Peter Brown's shop time for the win!!
<p>Would the end product be toxic to animals? I was thinking about making a wading pool for my turtle.</p>
No it should be fine because HDPE is non-toxic in small quantities. That's why the FDA allows milk cartons, water jugs, container lids, and coffee cans to be made with it.
<p>Most supermarket bags are HDPE. Some stores like electronics, clothing etc use LDPE because they are softer and feel more &quot;luxurious&quot; but still all are made out of PE. PE along with PP are considered the safest plastics for food containers (milk bottles, tupperware etc), so it's safe for water also.</p><p>The general idea is identical (except of the absence of pressure) to the one in a plastic recycling factory. Just take care they are clean and better without prints. Colored are just fine as natural.</p><p>If you are still concerned take some glass and silicone and you have the safest result :P</p>
<p>Without industrial controls, there's no certainty of what hydrocarbons or other stuff may be present in the material or produced in the process. You can't know what machine oils, cleaners, inks, etc. were used in making the original product, much less what it's been exposed to since. Imho, I would avoid any use that involves food or water for plants or animals, humans included. Especially if there's heat involved. Though Bpa is falling from use in many plastics, it's still common, and now we're learning that the replacement bisphenols may be just as bad :/</p>
<p>I would not advise it. You cannot use a vinyl pool liner for a fish pond as it contain chemicals to retard algae. Those bags may be coming from many different manufacturers with many different compositions.</p>
<p>thank you</p>
<p>Hmmm, I wonder how this could be implemented into construction</p>
<p>Our municipality (Moreland, Victoria, Australia) has used it for making park benches, car-parking wheelstops and bollards. They worked with a local plastics recycler and are able to accept a much wider range of plastics for recycling - including plastic bags - than most municipalities in the State.</p>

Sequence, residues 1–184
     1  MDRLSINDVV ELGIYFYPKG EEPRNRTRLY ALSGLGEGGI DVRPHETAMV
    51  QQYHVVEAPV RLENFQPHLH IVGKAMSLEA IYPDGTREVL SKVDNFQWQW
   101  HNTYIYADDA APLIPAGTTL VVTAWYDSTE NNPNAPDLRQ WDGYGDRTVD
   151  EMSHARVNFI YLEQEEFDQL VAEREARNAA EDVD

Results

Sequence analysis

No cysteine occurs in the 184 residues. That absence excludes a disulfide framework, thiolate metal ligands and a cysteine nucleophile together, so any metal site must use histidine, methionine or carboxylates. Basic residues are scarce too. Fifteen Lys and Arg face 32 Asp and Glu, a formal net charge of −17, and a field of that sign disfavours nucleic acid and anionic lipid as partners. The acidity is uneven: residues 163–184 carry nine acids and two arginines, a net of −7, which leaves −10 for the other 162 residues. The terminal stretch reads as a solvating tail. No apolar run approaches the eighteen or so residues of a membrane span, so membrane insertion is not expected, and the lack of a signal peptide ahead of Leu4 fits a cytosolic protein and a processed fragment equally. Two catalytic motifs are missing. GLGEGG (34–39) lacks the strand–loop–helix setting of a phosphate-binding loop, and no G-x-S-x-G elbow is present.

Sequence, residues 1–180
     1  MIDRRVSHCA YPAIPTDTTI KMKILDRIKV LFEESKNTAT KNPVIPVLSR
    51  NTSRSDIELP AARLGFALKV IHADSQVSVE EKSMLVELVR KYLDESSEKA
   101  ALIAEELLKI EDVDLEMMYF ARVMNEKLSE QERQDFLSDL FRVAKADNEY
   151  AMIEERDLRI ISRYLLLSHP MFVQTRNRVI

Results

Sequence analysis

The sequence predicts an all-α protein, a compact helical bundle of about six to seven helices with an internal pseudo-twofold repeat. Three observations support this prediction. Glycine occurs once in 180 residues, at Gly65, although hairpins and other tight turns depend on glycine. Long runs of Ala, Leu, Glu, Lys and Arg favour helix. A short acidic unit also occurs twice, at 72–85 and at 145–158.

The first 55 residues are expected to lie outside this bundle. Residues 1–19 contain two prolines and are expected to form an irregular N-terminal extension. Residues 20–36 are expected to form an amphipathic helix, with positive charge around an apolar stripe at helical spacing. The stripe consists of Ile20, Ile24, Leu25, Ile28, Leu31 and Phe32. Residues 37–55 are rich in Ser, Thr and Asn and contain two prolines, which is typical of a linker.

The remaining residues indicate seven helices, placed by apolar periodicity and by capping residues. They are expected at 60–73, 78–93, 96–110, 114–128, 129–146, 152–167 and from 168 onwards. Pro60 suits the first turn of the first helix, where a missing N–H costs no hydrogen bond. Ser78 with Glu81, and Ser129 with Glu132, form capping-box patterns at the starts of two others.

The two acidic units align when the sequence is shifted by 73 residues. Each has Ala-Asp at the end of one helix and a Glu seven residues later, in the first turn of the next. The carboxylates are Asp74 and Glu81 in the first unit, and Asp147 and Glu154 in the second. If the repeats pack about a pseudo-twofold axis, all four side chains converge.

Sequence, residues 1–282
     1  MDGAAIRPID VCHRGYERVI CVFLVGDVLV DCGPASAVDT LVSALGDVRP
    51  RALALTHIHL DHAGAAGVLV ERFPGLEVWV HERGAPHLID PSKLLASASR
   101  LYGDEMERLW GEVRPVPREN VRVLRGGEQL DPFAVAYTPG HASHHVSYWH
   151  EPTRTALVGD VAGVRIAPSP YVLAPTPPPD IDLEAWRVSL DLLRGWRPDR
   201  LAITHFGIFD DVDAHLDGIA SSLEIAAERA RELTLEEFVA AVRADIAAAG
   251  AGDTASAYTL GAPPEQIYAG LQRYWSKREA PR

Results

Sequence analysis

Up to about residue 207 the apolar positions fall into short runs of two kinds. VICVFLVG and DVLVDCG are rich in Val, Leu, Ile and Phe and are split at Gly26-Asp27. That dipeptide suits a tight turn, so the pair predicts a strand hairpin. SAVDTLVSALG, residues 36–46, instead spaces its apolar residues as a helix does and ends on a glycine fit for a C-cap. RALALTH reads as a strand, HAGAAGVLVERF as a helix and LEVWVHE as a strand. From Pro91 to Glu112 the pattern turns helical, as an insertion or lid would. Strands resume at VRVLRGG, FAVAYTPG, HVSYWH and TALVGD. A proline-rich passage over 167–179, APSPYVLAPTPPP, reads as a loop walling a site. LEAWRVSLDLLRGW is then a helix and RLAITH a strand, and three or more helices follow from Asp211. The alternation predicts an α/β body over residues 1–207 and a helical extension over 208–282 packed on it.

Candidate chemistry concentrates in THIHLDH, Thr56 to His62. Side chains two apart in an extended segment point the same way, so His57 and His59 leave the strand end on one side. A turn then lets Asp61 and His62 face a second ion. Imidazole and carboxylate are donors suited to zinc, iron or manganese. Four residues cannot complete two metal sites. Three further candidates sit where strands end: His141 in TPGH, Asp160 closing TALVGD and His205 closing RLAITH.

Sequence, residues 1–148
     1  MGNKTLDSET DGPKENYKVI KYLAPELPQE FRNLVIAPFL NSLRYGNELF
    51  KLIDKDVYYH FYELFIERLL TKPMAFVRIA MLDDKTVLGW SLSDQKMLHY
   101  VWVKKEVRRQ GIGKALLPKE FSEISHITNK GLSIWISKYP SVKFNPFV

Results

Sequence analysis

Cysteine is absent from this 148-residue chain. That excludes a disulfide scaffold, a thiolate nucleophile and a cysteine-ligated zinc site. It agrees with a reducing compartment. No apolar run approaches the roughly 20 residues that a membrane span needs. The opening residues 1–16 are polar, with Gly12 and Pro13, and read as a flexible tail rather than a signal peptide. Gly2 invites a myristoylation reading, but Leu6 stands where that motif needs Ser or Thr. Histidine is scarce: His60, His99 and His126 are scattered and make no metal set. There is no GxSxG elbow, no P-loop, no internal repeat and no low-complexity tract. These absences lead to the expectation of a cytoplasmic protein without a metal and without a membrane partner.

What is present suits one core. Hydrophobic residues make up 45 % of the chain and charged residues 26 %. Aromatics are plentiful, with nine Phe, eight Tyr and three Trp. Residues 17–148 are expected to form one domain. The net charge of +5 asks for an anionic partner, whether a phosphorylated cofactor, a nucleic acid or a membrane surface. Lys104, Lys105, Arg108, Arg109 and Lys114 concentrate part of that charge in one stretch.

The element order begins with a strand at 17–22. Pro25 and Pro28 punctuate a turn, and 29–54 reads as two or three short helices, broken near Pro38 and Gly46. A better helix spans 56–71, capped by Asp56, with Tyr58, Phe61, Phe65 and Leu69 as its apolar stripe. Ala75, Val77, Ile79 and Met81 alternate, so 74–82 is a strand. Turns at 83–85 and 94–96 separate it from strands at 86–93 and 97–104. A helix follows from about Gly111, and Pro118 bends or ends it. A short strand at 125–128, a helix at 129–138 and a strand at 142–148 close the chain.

<p>Looks good!<br>Here's a similar Instructable giving a method of making machinists wax by melting plastic bags. Hope this helps somebody!</p><p>http://www.instructables.com/id/Machinable-Wax/</p>
<p>define &quot;lumber&quot; for me?</p>
<p>wood</p>
<p>I use a similar method to melt pieces of mild crate or soft drink crates to pressure mold plastic items . I have built a mini frier using an old kettle element hooked up to a thermostat switch which keeps the hot oil at the right temperature . I cut up pieces of the crate which are quite thick and drop them into the oil . I have my molds standing by which are made out of Pratley putty ,( a two part putty which you mix at a ratio of 1/1 and hardens around the shape of the object being copied . ) . As soon as the plastic reaches a thick treacle consistency ,I picked it up with tongs and drop it into the mold making sure there is enough to overflow the mold so it will fill both halves . Then I clamp the mold together under pressure for a few minutes to force the plastic into both halves to take the shape of the mold . Nice thing about the oil is it acts as a release agent too so the molded item pops out easily . Two issues to take care of though is firstly fire I don't need to warn you about how flammable oil is . Secondly , the molded item has a tendency to &quot; weep&quot; and becomes a bit tacky and has to be washed with a good detergent periodically until it stops . But it is a good way to make small hard to get parts . I make remote control buttons out of hard plastic as the originals tend to wear and become &quot;gummy&quot; with use . Hard plastic will outlast the remote . </p>
<p>any idea how to make a ball for a dog out of the presented methods? ? </p>
<p>you should not freeze it, as that will cause it to fold and wrinkle as it cools and contracts. In fact, you should cool it as slow as possible to give it a chance to crystallize regularly. Also, baking it in an oven works better. Also, you should apply pressure while it is cooling so it will crystalize</p>
could this missed step account for the bounciness?
<p>actually, it should be bouncier if allowed to cool properly. cooling to fast may cause brittleness.</p>
<p>Is there any reason you couldn't stick it in an old cake pan and heat it in an oven? </p>